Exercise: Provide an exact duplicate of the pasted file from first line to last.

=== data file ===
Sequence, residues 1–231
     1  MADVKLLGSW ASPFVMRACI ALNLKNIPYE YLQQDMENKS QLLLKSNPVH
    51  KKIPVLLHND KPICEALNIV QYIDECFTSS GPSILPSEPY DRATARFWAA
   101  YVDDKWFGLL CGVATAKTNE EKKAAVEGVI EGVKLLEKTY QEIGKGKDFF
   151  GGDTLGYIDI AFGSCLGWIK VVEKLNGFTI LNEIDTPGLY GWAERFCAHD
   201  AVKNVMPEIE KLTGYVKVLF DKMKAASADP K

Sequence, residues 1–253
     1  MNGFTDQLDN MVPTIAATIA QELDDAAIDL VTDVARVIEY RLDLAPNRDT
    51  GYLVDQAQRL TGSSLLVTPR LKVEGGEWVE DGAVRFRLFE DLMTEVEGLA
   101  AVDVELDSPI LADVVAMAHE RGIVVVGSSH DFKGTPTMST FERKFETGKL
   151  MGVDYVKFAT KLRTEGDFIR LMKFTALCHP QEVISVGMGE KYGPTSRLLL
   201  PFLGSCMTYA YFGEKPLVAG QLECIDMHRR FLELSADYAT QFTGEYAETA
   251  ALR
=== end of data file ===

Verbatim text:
Sequence, residues 1–231
     1  MADVKLLGSW ASPFVMRACI ALNLKNIPYE YLQQDMENKS QLLLKSNPVH
    51  KKIPVLLHND KPICEALNIV QYIDECFTSS GPSILPSEPY DRATARFWAA
   101  YVDDKWFGLL CGVATAKTNE EKKAAVEGVI EGVKLLEKTY QEIGKGKDFF
   151  GGDTLGYIDI AFGSCLGWIK VVEKLNGFTI LNEIDTPGLY GWAERFCAHD
   201  AVKNVMPEIE KLTGYVKVLF DKMKAASADP K

Sequence, residues 1–253
     1  MNGFTDQLDN MVPTIAATIA QELDDAAIDL VTDVARVIEY RLDLAPNRDT
    51  GYLVDQAQRL TGSSLLVTPR LKVEGGEWVE DGAVRFRLFE DLMTEVEGLA
   101  AVDVELDSPI LADVVAMAHE RGIVVVGSSH DFKGTPTMST FERKFETGKL
   151  MGVDYVKFAT KLRTEGDFIR LMKFTALCHP QEVISVGMGE KYGPTSRLLL
   201  PFLGSCMTYA YFGEKPLVAG QLECIDMHRR FLELSADYAT QFTGEYAETA
   251  ALR